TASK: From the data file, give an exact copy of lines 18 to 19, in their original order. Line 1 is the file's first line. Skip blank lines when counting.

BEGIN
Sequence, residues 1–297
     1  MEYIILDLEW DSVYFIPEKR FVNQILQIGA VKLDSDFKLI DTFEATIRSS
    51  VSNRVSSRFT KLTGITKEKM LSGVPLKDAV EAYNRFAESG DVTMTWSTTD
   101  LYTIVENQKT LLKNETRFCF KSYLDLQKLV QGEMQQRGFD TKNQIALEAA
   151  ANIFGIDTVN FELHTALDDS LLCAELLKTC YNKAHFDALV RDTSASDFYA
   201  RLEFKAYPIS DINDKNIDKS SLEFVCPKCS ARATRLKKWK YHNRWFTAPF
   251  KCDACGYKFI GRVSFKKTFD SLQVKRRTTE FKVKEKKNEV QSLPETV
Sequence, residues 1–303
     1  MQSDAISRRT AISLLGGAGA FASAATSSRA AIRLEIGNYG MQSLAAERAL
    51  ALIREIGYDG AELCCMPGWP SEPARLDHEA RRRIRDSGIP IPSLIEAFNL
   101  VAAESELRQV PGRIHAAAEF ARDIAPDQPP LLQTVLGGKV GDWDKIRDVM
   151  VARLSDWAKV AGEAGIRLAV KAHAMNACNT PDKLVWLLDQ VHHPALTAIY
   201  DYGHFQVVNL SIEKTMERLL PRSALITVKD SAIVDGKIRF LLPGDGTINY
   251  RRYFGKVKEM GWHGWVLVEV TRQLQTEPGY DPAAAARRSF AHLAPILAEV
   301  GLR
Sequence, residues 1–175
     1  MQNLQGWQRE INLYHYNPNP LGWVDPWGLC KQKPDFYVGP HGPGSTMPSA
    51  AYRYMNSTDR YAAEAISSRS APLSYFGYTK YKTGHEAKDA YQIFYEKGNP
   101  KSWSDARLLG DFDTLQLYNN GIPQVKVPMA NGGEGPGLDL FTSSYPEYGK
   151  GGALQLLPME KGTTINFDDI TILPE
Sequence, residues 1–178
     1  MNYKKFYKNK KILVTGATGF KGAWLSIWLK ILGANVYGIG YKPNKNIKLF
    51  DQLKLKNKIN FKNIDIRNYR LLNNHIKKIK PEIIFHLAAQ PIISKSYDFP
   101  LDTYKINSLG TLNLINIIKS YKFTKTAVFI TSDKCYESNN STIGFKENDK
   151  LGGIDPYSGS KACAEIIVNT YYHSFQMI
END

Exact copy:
    51  AYRYMNSTDR YAAEAISSRS APLSYFGYTK YKTGHEAKDA YQIFYEKGNP
   101  KSWSDARLLG DFDTLQLYNN GIPQVKVPMA NGGEGPGLDL FTSSYPEYGK